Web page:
Justin Rankin: Yeah. It manifests the whole notion of connection, which is that deep kind of core element of AT&T is brand manifest in two ways. 

It manifests quite literally in a physical way as we connect the platforms and connect the spaces, but it also manifests through people, the Globe sculpture prime example. It's an opportunity where we can bring people together into a space, and I will say a safe space where they can be distanced but have a really unique experience and discover an experience that's maybe not inherent or visible as you're walking by. So you see the sculpture, that there's something going on. You may hear something you walk over and you've got people and as you're in the space, you're now controlling the experience together that you're having. So there's definitely multiple elements of that as you navigate through the district, whether it's the globe or whether it's in the lobby or other areas in the. 

Is the project driven by the art or is there also a nod or thinking around the commercial side of this? Because what I've seen are great pieces of content from companies like Moment Factory and so on. I haven't seen on the big media wall or elsewhere, pitches for an AT&T wireless plan or anything like that. 

Dana Hamdan: Yes, this was definitely since day one, this was not meant to be an advertisement platform and it's so funny to hear it, but I like to walk over there incognito and people don't know what role I had and planning and leading this place through success, but I like to hear people say, “oh, this is Times Square, but I actually can sit in and enjoy it.” 

It's not full of advertisements and I'll let Justin speak a little bit more about the strategy behind content but definitely was not meant to monetize the Plaza like that. On the contrary, it was meant to elevate the art and elevate the ambiance setting. 

I don’t want to go behind the scenes but I just wanted to ask, and you may not be able to tell me, but I'm curious because I've seen other projects that have started as art projects and then advertising finds its way into it somehow, was that a debate or AT&T said right from the brief that no this has to be the experience?

Justin Rankin: Yeah, they've taken a pretty hard line from the get-go of maintaining an advertising free space. Now the caveat there obviously is, we're talking about the largest media company in the world, we do have to acknowledge the fact that AT&T is showing content that is running on the media wall that is promoting AT&T’s properties, movies shows, et cetera.

What I would say though, is the way that has come together, and the intent with that is purely from an entertainment standpoint, right? So these are big motion pictures and shows that people are super interested in and excited about. There are certainly moments of that but to your earlier point, there is no advertising so to speak, sales advertising around products and services.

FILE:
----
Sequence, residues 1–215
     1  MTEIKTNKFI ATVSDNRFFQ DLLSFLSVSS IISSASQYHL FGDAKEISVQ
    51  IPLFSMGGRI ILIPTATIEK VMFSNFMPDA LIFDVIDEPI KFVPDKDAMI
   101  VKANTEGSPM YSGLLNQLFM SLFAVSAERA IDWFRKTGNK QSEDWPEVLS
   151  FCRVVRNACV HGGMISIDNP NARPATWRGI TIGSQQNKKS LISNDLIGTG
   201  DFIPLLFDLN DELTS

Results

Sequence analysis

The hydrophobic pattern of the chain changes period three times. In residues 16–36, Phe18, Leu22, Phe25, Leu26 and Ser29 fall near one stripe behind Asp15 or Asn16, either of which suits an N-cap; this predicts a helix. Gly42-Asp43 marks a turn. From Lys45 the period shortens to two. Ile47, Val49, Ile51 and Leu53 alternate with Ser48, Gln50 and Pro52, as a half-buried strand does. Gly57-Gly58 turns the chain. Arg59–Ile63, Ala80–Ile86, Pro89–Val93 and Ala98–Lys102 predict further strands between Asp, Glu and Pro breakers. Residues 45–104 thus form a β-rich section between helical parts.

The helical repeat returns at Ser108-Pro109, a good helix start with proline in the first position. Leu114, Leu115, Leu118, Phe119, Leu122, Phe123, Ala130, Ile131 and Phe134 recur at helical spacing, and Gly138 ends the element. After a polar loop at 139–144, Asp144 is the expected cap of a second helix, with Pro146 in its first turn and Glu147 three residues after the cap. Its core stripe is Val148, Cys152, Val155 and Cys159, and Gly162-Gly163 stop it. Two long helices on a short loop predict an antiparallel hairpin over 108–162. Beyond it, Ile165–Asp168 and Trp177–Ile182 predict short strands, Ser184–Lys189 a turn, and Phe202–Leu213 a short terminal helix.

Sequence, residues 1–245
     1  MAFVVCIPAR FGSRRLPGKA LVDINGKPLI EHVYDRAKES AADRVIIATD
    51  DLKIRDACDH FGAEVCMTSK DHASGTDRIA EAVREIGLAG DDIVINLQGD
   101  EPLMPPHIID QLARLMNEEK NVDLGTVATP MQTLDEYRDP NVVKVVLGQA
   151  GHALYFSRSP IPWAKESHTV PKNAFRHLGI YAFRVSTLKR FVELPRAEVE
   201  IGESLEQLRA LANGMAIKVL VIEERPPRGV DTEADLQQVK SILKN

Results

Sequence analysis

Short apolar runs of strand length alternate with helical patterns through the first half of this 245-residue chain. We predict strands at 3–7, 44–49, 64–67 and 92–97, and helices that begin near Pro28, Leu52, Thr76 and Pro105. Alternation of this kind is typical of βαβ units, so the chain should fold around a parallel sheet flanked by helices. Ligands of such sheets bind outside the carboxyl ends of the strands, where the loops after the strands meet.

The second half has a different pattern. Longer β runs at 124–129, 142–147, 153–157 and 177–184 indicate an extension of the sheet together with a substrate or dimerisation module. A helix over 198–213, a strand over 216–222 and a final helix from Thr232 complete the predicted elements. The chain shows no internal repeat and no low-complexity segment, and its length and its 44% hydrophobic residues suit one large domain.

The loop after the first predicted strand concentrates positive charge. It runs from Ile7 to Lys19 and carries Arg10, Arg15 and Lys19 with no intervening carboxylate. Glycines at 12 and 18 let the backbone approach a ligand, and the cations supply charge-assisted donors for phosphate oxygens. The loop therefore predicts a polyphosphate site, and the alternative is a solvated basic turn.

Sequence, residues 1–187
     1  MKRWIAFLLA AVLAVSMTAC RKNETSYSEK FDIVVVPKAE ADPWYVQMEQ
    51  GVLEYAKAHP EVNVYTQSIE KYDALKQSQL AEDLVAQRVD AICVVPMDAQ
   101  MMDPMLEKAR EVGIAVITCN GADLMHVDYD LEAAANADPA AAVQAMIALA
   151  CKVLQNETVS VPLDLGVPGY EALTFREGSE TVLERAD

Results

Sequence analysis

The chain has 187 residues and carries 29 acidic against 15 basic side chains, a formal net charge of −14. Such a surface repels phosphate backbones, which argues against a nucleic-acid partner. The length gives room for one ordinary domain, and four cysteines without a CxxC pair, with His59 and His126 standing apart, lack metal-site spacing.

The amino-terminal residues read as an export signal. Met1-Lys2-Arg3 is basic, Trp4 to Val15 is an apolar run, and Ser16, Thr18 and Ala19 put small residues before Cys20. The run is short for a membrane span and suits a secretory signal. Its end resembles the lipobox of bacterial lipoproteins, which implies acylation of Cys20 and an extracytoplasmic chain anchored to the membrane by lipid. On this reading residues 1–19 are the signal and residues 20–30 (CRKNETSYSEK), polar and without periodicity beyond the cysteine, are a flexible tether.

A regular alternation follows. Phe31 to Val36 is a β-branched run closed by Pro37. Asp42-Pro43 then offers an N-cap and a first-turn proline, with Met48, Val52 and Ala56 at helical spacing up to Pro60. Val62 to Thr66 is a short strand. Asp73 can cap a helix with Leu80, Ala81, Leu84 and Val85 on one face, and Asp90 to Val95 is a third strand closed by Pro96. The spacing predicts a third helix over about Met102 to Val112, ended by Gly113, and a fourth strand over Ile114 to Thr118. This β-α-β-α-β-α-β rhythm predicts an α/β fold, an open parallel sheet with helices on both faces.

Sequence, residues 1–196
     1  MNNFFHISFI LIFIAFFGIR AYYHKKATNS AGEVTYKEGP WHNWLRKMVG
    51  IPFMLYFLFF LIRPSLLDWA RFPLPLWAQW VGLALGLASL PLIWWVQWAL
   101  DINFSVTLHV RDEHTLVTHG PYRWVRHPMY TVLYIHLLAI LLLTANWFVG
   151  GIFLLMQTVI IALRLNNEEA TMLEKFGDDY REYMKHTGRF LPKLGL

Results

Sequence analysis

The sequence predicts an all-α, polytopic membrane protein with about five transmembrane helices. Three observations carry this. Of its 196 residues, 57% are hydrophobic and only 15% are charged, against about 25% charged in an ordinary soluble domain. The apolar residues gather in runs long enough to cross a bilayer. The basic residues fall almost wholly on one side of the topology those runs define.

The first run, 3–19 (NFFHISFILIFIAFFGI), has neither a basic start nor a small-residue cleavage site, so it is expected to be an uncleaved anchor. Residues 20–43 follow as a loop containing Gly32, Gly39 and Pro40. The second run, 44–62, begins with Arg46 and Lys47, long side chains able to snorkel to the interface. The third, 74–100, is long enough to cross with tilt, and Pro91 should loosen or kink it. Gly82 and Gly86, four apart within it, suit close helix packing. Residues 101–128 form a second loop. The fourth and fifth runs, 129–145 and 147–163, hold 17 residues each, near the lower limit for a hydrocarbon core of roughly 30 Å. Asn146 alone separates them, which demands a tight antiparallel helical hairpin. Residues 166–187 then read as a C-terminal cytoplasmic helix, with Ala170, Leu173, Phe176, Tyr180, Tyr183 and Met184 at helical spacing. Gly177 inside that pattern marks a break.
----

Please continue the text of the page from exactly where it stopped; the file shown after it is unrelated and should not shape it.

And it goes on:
There's a really healthy mix, quite honestly, of just beautiful artistic content. You mentioned Moment Factory, they have been an incredible part of the team in many ways, but we've got fifteen or more artists and studios and agencies that have contributed on the content front. And we've worked really closely all along with the creative director on the discovery district on the AT&T side. His name is Roger Ferris and he's always had a really strong vision as having really the whole AT&T executive team on what their vision around content was, and we've helped to thread together a strategy that's really guided that, who we've worked with. It's guided by the type of content. 

The Gensler team has defined the cadence of that content, the programming, and the run of the show. It is 24/7. So there's been a lot of thought put into what's the vibe and what's the energy level at 9:00 AM on a Monday compared to 8:00 PM on a Friday compared to maybe 3:00 PM on a Sunday, and what you notice when you spend a lot of time in the district is that the energy really changes and morphs over time and even, thinking through the night hours and in wanting to be respectful of the fact that this is a district in the middle of a city, there are hotels and there are condos and stuff. We've got this beautiful content that runs through the evening where we take the brightness and the output of that media wall and really tone it down, and put the district in sleep mode, so to speak.